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Yahoo board emerges unscathed from annual meeting
Yahoo Shareholders 6399380
Yahoo shareholder Patrick Sheridan carries a Yahoo bag into the Annual Yahoo Stockholders Meeting in San Jose, Calif., Friday, Aug. 1, 2008. - photo by Associated Press
    SAN JOSE, Calif. — Yahoo Inc.’s board emerged largely unscathed from the Internet company’s annual meeting Friday as a subdued crowd of shareholders raised few questions about the directors’ rejection of Microsoft Corp.’s $47.5 billion takeover bid.
    After Yahoo’s leadership spent more than an hour defending its handling of the now-withdrawn offer, the company fielded just nine questions from shareholders for about 35 minutes before abruptly adjourning the meeting.
    A significant number of shareholders were expected to express their dissatisfaction by opposing the re-election of Yahoo’s current directors in a largely symbolic gesture. Yahoo didn’t announce the results at the meeting, but promised to release a preliminary tally later Friday.
    Much of the drama was sucked from the meeting last month when Yahoo reached a truce with activist investor Carl Icahn, who had been waging a campaign to oust the company’s entire board for spurning the Microsoft bid.
    Icahn will join Yahoo’s board next week and can’t criticize his fellow directors as part of a peace pact he made. He didn’t attend Friday’s meeting.
    Yahoo will add two other Icahn-endorsed candidates to the board by Aug. 15. Former AOL CEO Jonathan Miller had been considered to be one of the leading candidates to fill the other seats, but he apparently will be precluded from doing so as part of a noncompete agreement that AOL’s owner, Time Warner Inc., plans to enforce.
    The provisions preventing Miller from joining an AOL rival remain in effect through March 2009, Time Warner spokesman Keith Cocozza said Friday.
    Miller has been mentioned as a possible successor to Yahoo Chief Executive Jerry Yang, who has been unable to boost the company’s market value during the first 13 months of his reign.
    Yahoo spokeswoman Diana Wong declined to comment on Miller’s status.
    Only two of the roughly 125 shareholders at Friday’s meeting criticized the Microsoft negotiations. Two other shareholders said they were happy Yahoo didn’t sell to Microsoft.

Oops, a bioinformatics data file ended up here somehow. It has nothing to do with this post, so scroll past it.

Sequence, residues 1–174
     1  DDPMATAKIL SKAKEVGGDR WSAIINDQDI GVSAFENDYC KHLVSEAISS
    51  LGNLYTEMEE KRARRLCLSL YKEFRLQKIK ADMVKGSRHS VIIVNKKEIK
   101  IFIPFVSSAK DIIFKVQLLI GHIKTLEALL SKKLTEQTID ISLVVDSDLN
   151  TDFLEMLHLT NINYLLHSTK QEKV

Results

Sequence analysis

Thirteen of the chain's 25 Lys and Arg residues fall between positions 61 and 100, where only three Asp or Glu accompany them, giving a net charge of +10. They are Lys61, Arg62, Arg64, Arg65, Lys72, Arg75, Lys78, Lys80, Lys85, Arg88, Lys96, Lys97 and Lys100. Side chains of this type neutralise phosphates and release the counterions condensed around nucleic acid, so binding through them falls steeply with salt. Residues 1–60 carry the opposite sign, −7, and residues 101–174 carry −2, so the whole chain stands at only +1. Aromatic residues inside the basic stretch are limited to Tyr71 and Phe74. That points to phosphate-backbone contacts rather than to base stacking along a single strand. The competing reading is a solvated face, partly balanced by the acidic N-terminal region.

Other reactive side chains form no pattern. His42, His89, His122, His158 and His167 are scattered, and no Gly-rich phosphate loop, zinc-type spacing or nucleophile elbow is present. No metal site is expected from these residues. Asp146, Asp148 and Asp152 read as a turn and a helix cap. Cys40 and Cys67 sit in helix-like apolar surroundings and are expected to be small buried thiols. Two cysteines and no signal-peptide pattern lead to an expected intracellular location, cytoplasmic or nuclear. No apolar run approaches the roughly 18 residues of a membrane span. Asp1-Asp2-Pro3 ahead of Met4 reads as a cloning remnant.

The rest of the shareholder remarks covered a wide range of topics, including Yahoo’s human rights policies in China and the scarcity of women on its board.
    Former Yahoo employee Martin Baker, who still owns 100 shares, was mostly upset that the company didn’t carve out more time for shareholder questions.
    ‘‘It seemed like they were more interested in going to lunch than hearing from shareholders,’’ said Baker, a San Francisco resident. ‘‘I think they controlled things pretty well.’’
    Yahoo’s biggest challenge still lays ahead, given that its stock price is just slightly above where it stood six months ago when Microsoft first announced its unsolicited takeover offer.
    The shares fell 9 cents Friday to $19.80, far below the $33 per share that Microsoft offered before withdrawing the bid after Yang sought more in early May.
    Yang, who co-founded Yahoo 14 years ago, assured shareholders his management team is pursuing a turnaround plan in ‘‘a very deliberate and forceful manner.’’ Yang has promised to increase Yahoo’s net revenue by at least 25 percent in each of the next two years.
    Yahoo Chairman Roy Bostock staunchly defended the board’s handling of the Microsoft negotiations, saying the directors met more than 30 times to discuss the bid as well as other ways to boost the company’s stock price.
    ‘‘At no point did this board or management in any way ever resist Microsoft’s proposal,’’ Bostock told shareholders. ‘‘We proactively engaged with them and tried to reach a positive conclusion for shareholders.’’
    In a statement, Microsoft asserted that ‘‘Yahoo is attempting to rewrite history yet again with statements that are not supported by the facts.’’
    Eric Jackson, a Yahoo shareholder representing a group of about 150 investors, called upon Bostock to step down, partly because ‘‘overplayed’’ his hand in the Microsoft negotiations.
    Bostock gruffly refused.
    AP Technology Writer Peter Svensson contributed to this story from New York.

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